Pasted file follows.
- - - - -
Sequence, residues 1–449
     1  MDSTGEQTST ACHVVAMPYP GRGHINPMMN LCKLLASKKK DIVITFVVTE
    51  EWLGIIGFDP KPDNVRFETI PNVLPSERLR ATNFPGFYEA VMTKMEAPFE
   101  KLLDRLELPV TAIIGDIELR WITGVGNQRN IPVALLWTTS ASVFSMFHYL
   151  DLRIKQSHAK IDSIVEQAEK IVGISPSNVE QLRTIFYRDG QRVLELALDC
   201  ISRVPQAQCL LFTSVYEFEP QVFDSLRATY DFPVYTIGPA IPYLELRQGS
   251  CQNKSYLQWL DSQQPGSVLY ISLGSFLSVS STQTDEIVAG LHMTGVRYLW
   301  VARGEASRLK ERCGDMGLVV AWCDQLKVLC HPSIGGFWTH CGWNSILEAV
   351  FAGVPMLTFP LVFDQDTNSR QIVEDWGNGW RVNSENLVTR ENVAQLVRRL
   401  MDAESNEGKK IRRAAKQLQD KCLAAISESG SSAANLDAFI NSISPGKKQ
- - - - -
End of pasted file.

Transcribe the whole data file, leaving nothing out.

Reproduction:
Sequence, residues 1–449
     1  MDSTGEQTST ACHVVAMPYP GRGHINPMMN LCKLLASKKK DIVITFVVTE
    51  EWLGIIGFDP KPDNVRFETI PNVLPSERLR ATNFPGFYEA VMTKMEAPFE
   101  KLLDRLELPV TAIIGDIELR WITGVGNQRN IPVALLWTTS ASVFSMFHYL
   151  DLRIKQSHAK IDSIVEQAEK IVGISPSNVE QLRTIFYRDG QRVLELALDC
   201  ISRVPQAQCL LFTSVYEFEP QVFDSLRATY DFPVYTIGPA IPYLELRQGS
   251  CQNKSYLQWL DSQQPGSVLY ISLGSFLSVS STQTDEIVAG LHMTGVRYLW
   301  VARGEASRLK ERCGDMGLVV AWCDQLKVLC HPSIGGFWTH CGWNSILEAV
   351  FAGVPMLTFP LVFDQDTNSR QIVEDWGNGW RVNSENLVTR ENVAQLVRRL
   401  MDAESNEGKK IRRAAKQLQD KCLAAISESG SSAANLDAFI NSISPGKKQ